In scope, the naval response to the threat of piracy appeared robust. Dozens of warships plied the waters in search of high-seas bandits. Area patrols ran alongside convoy escorts. Several multi-national coalitions (NATO, U.S.-led Combined Military Forces, the EU) ran operations concurrently with the independent efforts of ten or more countries at any one time. The Indian navy recently captured a stunning 61 pirates after a pitched gun battle. Over 20 nations now meet for the annual Shared Awareness and Deconfliction (SHADE) conference to build a united front against piracy. Maritime Patrol Aircraft and UAVs from multiple nations surveil the Internationally Recommended Transit Corridor (IRTC), pirate anchorages, and the open ocean. There was a reasonable expectation that such a massive military drag net might stymie piracy. However, the result was a better skilled and better organized pirate. As Napoleon said, “You must not fight too often with one enemy, or you will teach him all your art of war.”

Piracy’s Adaptation and Resistance

Until military action ashore cut short the party, coastal raids with small skiffs developed into multi-million dollar kidnapping operations with captured tankers converted to motherships. Pirates used UHF communications, skilled hostage negotiators, and money changers in Dubai. Merchants deactivated their automatic identification system (AIS), a system used for vessel safety during the height of piracy around the Straits of Malacca, as pirates at large used it as a homing beacon. Pirates adapted to the law-enforcement rules of engagement used by the respective patrolling navies, hiding or disposing of all pirate paraphernalia and making it next-to-impossible for maritime enforcers to get the convictions occasionally sought. Many pirates moved to new areas altogether, shifting operations away from patrols and avoiding the range of immediate military responses.

The focus of piracy shifted from capturing cargo to capturing people. Kidnapping was the name of the game. Due to an inability to enforce arrangements, some companies paid full ransom for captured employees and only received a fraction of their personnel in return. EUNAVFOR even reported more brazen tactics of avoiding capture, namely the threatened and actual torture of hostages.

This adaptation, combined with the lack of political stability, created threats beyond endangering global commerce. With Al-Qaeda operating in Somalia next to Al-Shabab, endless opportunities presented themselves for terrorist networks to simply generate profits through partnership or create havoc with vessels purchased from pirates. Rather than siphon off fuel for profits, the pirates could sell a vessel wholesale to terrorists who could use the vessel as a massive explosive in a civilian port, blockage in the mouth of a harbor, or a suicide battering ram against an unsuspecting warship. Capture-and-switch tactics with maritime commercial vehicles had precedent; the 1998 hijacking of the Petro Ranger being a case in point. It only takes a savvy pirate with the right connections to profit from the sale of hijacked tankers for acts of terrorism. Piracy is a crime of opportunity, and human beings are always good at finding new ones.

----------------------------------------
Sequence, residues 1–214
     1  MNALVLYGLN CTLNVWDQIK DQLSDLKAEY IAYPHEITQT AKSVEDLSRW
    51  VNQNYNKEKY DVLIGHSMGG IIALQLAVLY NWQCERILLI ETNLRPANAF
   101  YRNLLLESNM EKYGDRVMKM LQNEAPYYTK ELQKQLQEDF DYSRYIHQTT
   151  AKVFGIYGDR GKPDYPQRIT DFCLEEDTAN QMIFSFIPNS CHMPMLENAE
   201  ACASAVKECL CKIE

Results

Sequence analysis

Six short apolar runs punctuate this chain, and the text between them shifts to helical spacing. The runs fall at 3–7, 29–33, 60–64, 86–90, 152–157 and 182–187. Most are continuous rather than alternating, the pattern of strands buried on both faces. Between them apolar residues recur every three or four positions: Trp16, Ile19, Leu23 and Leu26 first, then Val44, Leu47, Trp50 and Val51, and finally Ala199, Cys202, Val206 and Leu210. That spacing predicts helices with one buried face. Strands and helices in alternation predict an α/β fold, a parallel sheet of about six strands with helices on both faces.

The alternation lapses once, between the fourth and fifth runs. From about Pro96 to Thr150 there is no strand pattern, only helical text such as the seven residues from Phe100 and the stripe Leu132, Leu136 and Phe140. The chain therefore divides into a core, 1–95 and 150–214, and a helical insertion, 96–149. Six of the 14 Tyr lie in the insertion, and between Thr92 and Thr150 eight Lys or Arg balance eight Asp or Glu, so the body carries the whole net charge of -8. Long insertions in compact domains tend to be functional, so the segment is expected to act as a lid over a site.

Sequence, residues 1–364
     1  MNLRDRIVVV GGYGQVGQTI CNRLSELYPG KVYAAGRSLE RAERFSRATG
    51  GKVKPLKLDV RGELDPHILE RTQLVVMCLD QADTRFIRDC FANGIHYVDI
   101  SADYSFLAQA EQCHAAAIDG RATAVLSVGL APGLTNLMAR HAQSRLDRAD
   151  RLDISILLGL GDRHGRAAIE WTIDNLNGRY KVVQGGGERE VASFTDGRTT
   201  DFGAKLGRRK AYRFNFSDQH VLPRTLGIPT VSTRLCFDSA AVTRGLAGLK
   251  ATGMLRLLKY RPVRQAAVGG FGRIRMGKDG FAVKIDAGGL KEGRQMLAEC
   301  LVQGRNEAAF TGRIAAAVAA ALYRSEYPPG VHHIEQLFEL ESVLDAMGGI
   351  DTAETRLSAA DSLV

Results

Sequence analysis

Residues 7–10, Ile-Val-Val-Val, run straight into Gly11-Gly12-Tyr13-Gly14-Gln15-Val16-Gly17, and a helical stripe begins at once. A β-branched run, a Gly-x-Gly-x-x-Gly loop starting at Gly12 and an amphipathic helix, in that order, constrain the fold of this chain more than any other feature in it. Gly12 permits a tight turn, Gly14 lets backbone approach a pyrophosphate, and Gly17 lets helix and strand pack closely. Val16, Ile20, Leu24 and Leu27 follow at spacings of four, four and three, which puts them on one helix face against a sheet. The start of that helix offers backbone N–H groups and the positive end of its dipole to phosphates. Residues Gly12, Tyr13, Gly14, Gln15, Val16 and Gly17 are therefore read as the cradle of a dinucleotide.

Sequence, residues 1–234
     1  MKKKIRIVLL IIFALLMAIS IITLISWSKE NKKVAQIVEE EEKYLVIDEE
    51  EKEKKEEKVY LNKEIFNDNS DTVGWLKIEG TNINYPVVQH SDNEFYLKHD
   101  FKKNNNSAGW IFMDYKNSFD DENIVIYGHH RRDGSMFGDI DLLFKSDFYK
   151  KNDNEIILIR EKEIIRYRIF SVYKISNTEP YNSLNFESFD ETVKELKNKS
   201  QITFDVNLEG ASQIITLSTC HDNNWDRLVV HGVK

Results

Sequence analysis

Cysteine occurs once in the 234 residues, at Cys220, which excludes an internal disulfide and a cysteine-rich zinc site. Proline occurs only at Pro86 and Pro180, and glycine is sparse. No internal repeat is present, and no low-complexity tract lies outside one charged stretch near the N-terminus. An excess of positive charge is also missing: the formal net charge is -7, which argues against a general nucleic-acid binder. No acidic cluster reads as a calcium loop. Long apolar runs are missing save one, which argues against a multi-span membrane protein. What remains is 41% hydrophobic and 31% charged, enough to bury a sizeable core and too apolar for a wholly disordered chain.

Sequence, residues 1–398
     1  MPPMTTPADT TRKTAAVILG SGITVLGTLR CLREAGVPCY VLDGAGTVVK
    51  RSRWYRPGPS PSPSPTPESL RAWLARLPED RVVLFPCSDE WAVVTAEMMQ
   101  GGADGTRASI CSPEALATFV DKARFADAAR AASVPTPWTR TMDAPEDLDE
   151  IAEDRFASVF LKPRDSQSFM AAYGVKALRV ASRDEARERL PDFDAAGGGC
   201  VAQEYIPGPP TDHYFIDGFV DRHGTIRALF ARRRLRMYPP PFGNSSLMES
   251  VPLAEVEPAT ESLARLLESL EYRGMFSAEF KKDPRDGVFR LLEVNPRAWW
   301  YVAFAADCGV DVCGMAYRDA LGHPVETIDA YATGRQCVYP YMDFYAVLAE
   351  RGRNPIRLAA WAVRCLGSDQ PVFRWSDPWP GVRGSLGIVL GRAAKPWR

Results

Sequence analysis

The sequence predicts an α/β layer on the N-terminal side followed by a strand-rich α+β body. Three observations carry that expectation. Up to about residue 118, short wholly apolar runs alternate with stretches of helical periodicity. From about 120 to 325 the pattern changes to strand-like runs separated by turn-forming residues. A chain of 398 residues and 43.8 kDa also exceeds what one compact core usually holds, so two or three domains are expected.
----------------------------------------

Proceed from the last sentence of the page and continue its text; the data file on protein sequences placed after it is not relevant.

Breaking the Sea-Shore Learning Cycle

The key to breaking the adaptation puzzle is to boost the intensity of the counter-piracy dosage. One can have the best weapons in the world, but it won’t matter unless the operational concept is correct. The U.S. was weak on piracy, an inch-deep mile-wide river. Pirates waded easily across to tell their compatriots what they’d seen, creating a deadly sea-to-shore innovation cycle that improved pirate learning. This must be solved through more vigorous piracy prosecution, more aggressive rules of engagement (ROE)/posture, and a shore kinetic solution.

Instead, the U.S. released many captured pirates back into Somalia, only prosecuting those that attacked the rare U.S. flagged vessel. The idea behind this policy is that piracy is a crime, not a national security issue. If the vessel’s flag would not prosecute, there could be no trial or detention. Piracy is however very much a national security issue – not only does it drive up the cost of shipping and goods, but pulls mission-ready forces from other duties to keep the costs from rising higher. Sailors deployed to counter-piracy missions can attest to lengthy force protection details off the coast during RHIB transfers of detainees to shore. These temporary detentions were a waste of time and money, punishing piracy with nothing more than a few days in the ship’s center-line passageway with three squares meals and regular washes. The idea that pirates “learned” something from their capture was correct. The lesson was that they likely would survive encounters with U.S. warships and be returned to their anchorages. At the very least, more suspected vessels should have been diverted and escorted to ports where their hulls, cargo, and crew could be inspected and held if necessary. U.S. tactics involving capture had little meaning without a resolution other than emancipation. At worst, such impotent gestures actively undermined the authority of the U.S. presence.